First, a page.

Talent and HR News Weekly Roundup: Being a Thoughtful Employer

It takes a lot of energy to be thoughtful, and I'm not being flippant here. It's really quite hard. In life AND in work. On the work side, there are SO many things to think about - your employees' salaries, health, career opportunities, legalities, happiness, well-beings, etc. These aren't things you just check off a list. You can be intentional and thoughtful about them, while aligning with your employer brand. In this week's Talent and HR News Weekly Update, we're showcasing some articles that highlight the thoughtful side of employers. 

1) The Big Disconnect That Could Cost You Your Best Employees from Forbes

"The U.S. economy has continued to add jobs in 2016, driving unemploymentdown to 5%. Although this is good news for job seekers and working professionals, a low unemployment rate also creates challenges for businesses with respect to hiring and retaining employees. In contrast to the recession, when open positions were scarce and employers had their pick of job candidates, today the demand from businesses for talented employees is at an all-time high. This has created a candidate-driven job market where job seekers and working professionals have the upper hand on employers. Businesses are increasingly competing with each other for talent, and job seekers know it."

2) San Francisco passes nation's most generous family leave law from USA Today

"San Francisco on Tuesday became the first city in the country to require employers to offer six weeks of fully paid leave for new parents. The unanimous vote by the San Francisco Board of Supervisors comes a day after New York passed a law requiring up to 12 weeks of partially paid time off for new parents that it funded through a weekly payroll tax. California already has one of the more expansive laws in the country, requiring that employees receive 55% of their wages for up to six weeks of paid family leave. The San Francisco ordinance would require businesses with more than 20 employees to plug that gap by paying the remaining 45% of their employees’ wages. It applies to parents of either genders and to both full- and part-time employees who work in the city. The law takes effect January 2017 with a gradual phase in for smaller businesses. Businesses with 35 employees or more must comply by July 1, 2017.  Businesses with 20 or more employees have until January 2018."

3) Internal Hires Need Just as Much Support as External Ones from Harvard Business Review

"Adrian had been working steadily toward this promotion for years. But just four months into his new job, as a business unit leader at a large specialty chemicals and plastics manufacturer, he was struggling with the challenges of handling a global business with more than 3000 employees. He had spent his entire 14-year career at the company, had worked hard, and had rapidly climbed the ranks in sales and marketing. The culmination was his promotion to business unit leader for Plastic Resins, one of the company’s best-performing units. He inherited a strong team with a proven track record."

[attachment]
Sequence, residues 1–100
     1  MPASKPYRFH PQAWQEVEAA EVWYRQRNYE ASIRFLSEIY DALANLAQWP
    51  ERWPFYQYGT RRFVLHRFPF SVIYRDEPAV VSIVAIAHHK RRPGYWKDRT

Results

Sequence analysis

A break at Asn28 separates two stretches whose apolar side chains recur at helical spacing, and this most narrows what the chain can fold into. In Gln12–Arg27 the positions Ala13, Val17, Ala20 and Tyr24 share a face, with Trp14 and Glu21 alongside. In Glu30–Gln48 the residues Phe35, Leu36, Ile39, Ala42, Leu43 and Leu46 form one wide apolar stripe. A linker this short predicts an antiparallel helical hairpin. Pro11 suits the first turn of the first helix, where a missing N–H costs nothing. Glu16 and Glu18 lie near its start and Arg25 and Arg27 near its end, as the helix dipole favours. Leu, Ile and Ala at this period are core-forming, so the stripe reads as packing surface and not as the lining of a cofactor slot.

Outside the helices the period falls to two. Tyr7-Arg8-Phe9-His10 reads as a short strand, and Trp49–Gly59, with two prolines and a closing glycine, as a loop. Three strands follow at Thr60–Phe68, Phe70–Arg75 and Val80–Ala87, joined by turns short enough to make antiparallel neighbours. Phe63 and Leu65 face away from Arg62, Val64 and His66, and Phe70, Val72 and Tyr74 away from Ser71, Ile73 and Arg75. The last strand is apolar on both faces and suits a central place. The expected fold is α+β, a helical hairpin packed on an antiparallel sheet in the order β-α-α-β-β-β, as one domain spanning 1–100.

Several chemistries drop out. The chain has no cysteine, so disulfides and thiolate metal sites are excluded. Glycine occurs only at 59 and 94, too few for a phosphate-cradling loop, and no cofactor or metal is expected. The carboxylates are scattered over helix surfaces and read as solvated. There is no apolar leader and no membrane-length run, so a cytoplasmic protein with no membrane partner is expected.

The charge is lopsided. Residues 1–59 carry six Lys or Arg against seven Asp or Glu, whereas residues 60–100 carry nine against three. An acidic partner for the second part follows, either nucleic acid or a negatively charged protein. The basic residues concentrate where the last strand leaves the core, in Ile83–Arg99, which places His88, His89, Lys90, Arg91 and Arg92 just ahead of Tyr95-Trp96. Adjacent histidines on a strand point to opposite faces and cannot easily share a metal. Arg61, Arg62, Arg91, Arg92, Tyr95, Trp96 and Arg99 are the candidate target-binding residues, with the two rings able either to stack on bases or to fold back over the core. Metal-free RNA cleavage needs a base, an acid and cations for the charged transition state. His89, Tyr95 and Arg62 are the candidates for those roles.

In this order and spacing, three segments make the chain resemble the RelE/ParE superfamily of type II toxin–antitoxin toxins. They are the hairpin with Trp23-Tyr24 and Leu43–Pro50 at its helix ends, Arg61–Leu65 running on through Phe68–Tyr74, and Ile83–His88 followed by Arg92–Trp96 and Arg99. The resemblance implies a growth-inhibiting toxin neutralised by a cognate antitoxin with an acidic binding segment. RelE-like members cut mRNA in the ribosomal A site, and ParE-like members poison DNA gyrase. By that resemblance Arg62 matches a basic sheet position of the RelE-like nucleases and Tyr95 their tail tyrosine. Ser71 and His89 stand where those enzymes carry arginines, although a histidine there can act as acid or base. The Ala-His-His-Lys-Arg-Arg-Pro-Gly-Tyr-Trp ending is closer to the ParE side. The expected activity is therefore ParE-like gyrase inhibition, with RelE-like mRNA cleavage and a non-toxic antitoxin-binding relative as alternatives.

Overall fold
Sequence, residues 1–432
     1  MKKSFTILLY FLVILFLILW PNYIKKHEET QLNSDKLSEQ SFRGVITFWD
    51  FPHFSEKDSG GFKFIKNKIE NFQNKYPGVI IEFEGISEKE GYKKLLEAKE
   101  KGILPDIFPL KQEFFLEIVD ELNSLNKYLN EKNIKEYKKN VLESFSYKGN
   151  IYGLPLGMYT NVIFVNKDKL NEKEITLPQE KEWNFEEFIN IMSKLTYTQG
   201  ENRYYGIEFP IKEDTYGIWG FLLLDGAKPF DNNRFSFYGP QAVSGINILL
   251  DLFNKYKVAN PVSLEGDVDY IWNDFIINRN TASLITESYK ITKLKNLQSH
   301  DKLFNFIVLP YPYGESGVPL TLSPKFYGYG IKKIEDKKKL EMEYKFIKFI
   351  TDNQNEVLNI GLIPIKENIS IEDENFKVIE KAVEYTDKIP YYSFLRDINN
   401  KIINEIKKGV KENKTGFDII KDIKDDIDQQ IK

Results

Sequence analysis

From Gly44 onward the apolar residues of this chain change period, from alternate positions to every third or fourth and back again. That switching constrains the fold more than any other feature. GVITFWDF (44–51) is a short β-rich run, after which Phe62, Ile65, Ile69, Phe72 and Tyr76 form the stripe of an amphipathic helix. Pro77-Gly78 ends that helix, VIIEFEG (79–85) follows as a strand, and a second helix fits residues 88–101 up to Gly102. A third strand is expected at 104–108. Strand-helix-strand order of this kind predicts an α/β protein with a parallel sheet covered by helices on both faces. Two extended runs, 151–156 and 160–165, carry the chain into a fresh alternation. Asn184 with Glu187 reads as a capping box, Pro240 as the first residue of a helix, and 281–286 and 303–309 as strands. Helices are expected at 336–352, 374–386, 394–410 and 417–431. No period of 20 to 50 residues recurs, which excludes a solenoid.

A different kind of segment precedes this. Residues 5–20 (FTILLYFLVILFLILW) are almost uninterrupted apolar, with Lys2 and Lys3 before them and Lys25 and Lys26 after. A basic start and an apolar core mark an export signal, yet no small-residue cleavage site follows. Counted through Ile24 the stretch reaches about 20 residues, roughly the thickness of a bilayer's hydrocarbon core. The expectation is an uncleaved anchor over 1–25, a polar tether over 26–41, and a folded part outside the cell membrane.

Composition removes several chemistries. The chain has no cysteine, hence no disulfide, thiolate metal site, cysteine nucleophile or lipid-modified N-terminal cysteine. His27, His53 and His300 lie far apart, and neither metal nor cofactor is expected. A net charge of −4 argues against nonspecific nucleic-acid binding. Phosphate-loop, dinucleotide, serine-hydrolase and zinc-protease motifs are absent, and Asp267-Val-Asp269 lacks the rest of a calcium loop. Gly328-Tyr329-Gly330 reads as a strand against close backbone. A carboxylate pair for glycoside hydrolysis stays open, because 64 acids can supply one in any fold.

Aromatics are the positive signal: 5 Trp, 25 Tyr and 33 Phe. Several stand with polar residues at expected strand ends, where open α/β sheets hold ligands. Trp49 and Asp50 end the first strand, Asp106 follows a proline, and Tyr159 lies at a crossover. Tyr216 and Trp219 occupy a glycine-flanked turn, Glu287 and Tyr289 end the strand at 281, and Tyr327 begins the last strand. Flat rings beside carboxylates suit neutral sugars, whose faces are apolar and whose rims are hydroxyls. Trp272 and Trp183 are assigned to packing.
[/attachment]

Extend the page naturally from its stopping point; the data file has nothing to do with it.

4) Do you foster a culture of encouragement? from Smartblog on Leadership

"I recently had the opportunity to watch one of my favorite college basketball teams win their quarterfinal contest in the NIT. What was so memorable about this game was that one of the team’s stars played even though he was sick. He contracted the flu before the game and was not expected to play. He went to the coach and told him that he would give his all, with the stipulation that when it became apparent that he could no longer compete, the coach would pull him from the game. This player managed to play 20 minutes and score 10 points despite his illness. What was most inspiring about his performance was the encouragement this player received from his teammates, his coaches and the crowd. The energy in the arena was electric. Being there and experiencing the situation, it was obvious that this player and the team were elevated to a higher level of performance."

5) Should employers be flexible in letting employees bring children to work? from Pittsburgh Post-Gazette

"Employers and workers have become more conscious of the need to maintain work-life balance, whether by turning off work mobile devices at home, more vacation time or working from home. Yet one possibility of helping that balance, at least for parents, has remained relatively taboo: bringing kids into the workplace. The idea of regularly accommodating kids — even infants — for a certain number of hours each day has until recently been avoided by employers, as the prospect of a co-worker’s kid occupying a cubicle may seem like crossing a line. This has been true both in offices and in more unusual work environments, like Major League Baseball. Last month, Chicago White Sox first baseman Adam LaRoche quit the sport, leaving a $13 million salary on the table after the baseball club told him to dial back the amount of time his 14-year-old son spent with him on the field and in the locker room."

Lexi Gordon is a Lead Consultant for exaqueo, a workforce consultancy that helps organizations build their cultures, employer brands and talent strategies. Contact exaqueo to learn more about our employer brand innovation, workforce research, and recruiting strategy offerings.

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